This paper brings together key learning on multi-agency case management from the Police Foundation’s Police Effectiveness in a Changing World project . The project examined the challenges facing the police service in a changing world and the implications for policing practice in the second decade of the twenty first century.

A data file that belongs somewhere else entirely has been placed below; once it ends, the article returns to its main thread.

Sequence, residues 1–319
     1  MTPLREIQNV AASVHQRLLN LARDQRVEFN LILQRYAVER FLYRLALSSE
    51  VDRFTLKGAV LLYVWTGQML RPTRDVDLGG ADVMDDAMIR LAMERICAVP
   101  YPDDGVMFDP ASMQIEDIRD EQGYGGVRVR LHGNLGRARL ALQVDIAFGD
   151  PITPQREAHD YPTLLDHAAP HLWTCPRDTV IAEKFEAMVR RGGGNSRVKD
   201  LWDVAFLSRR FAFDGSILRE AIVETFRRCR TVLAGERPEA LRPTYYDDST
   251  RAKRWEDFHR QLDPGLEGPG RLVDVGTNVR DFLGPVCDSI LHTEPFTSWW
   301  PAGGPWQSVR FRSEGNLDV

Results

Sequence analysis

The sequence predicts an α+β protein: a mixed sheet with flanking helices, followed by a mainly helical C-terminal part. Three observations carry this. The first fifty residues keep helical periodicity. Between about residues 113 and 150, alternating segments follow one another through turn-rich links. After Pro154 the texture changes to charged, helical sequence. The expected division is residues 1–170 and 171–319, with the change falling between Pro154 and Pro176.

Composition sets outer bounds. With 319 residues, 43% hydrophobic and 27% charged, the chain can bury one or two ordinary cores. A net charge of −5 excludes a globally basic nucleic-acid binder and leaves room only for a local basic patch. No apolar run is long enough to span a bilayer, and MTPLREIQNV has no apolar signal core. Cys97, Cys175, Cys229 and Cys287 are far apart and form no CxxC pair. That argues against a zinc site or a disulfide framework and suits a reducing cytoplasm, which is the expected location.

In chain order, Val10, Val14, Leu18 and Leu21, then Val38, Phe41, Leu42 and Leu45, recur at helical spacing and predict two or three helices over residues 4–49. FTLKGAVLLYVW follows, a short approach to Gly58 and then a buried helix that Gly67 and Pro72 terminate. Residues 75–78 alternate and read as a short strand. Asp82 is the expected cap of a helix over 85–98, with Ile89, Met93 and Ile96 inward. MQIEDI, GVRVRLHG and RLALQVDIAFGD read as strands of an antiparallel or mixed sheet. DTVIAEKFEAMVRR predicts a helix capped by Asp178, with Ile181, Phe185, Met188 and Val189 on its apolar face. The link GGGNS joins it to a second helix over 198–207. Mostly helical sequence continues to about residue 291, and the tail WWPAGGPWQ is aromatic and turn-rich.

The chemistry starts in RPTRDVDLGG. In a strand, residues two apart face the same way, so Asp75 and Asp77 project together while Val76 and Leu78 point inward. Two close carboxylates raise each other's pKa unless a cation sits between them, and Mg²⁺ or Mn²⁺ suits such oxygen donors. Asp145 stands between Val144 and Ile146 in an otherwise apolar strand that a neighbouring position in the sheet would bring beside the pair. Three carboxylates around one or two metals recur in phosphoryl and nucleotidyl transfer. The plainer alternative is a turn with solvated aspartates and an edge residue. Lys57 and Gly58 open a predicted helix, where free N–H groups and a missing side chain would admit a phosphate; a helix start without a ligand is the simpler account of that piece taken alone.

Drawing on observations from a project to reduce recurrent violent crime in Slough, the paper examines the effectiveness of multi-agency case management in tackling persistent violence. It raises a number important questions: how can multi-agency process improvements be translated into better outputs and outcomes? Can tasking work better in a partnership setting? What can realistically be expected from these schemes? Most critically it highlights the urgent need for more evidence about what works and in what circumstances it can be used effectively.